One way to slow the growth of hormone receptor-positive breast cancer in premenopausal women is ovarian suppression. Ovarian suppression uses medical treatments to prevent the ovaries from making estrogen. This stops menstrual periods and lowers hormone levels in the body (similar to a natural menopause), so the tumor cannot get the estrogen it needs to grow.
Ovarian suppression is only an option for premenopausal women. It is not helpful in postmenopausal women because the ovaries do not make much estrogen after menopause.
Ovarian suppression drugs such as leuprolide (Lupron) or goserelin (Zoladex) can temporarily stop the production of estrogen by the ovaries. In most cases, once drug therapy is stopped, the ovaries begin making estrogen again. This helps women avoid early menopause.
To learn more about a specific ovarian suppression drug, visit the National Institutes of Health’s Medline Plus website.
Surgical removal of the ovaries (oophorectomy) is another type of ovarian suppression. This stops the production of estrogen and progesterone (thus, permanently ending menstrual periods), which leads to early menopause.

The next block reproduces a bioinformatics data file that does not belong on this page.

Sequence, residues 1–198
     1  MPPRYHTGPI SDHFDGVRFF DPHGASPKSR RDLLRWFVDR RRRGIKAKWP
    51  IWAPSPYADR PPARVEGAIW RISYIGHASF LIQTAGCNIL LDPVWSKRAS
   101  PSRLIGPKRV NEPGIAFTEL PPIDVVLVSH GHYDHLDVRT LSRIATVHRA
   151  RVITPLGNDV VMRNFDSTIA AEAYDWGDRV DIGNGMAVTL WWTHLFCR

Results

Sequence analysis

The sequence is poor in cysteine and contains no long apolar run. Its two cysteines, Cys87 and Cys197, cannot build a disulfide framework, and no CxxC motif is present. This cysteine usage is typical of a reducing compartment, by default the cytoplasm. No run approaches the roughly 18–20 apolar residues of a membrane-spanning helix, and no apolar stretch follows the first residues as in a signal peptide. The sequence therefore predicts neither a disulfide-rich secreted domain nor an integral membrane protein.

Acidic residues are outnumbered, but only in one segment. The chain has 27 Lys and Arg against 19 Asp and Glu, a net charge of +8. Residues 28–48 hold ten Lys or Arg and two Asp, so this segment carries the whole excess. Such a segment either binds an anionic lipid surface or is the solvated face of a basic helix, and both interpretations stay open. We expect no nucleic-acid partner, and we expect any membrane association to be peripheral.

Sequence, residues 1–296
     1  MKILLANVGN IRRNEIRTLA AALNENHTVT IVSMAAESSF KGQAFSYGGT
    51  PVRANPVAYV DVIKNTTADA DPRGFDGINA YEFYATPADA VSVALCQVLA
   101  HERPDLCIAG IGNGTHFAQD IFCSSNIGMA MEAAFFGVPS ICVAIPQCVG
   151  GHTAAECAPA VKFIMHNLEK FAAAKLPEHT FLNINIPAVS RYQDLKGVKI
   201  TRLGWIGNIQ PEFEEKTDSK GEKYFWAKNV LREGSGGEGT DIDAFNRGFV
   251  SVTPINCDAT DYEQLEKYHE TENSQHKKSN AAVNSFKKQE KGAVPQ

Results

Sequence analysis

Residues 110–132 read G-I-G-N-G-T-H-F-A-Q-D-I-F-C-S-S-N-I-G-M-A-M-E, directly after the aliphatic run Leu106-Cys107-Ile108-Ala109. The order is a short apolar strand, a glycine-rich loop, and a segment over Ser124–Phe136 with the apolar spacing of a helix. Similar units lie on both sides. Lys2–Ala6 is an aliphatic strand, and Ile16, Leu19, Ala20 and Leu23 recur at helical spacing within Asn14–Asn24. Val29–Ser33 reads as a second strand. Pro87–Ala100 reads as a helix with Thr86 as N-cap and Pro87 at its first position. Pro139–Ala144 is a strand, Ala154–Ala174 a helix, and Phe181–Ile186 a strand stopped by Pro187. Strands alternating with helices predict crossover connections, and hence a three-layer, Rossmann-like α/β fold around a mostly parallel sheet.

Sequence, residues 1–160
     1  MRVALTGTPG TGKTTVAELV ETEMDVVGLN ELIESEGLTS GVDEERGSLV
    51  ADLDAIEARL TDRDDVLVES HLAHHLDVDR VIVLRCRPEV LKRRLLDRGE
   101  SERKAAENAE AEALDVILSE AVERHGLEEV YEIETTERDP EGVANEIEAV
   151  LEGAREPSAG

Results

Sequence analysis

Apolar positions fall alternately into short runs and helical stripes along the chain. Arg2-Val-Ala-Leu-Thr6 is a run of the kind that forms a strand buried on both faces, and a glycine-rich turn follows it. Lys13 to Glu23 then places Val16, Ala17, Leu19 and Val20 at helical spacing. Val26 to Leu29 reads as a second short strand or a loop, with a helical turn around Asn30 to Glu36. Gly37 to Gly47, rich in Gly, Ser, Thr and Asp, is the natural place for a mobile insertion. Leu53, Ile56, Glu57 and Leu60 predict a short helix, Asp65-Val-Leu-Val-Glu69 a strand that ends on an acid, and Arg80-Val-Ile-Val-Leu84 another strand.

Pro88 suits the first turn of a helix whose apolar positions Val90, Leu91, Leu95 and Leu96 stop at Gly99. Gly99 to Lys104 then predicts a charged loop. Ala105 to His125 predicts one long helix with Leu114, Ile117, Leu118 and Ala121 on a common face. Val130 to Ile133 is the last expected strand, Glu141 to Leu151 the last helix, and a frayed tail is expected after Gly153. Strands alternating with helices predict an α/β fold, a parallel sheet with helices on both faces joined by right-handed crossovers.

Learn more about early menopause and how to manage its symptoms.
The benefit of combining ovarian suppression (through drugs or surgery) with standard hormone therapy (tamoxifen and/or aromatase inhibitors) for premenopausal women with hormone receptor-positive breast cancers is under study. In some cases, however, health care providers may recommend this combination.
Standard treatment for premenopausal women with hormone receptor-positive early breast cancer is tamoxifen. Aromatase inhibitors do not usually work in premenopausal women because their ovaries are still producing estrogen. Because ovarian suppression shuts down the ovaries, premenopausal women with hormone receptor-positive breast cancer may take tamoxifen or an aromatase inhibitor when combined with ovarian suppression. Some findings show that an aromatase inhibitor combined with ovarian suppression may reduce breast cancer recurrence better than tamoxifen combined with ovarian suppression [156-157].
Whether ovarian suppression alone reduces recurrence as well as tamoxifen or an aromatase inhibitor is still under study.
Among premenopausal women, some studies have found ovarian suppression drug therapies to be as effective as chemotherapy in treating hormone receptor-positive early breast cancer . However, standard treatment for these breast cancers is tamoxifen, with or without chemotherapy.
Facts for Life: Hormone Therapy
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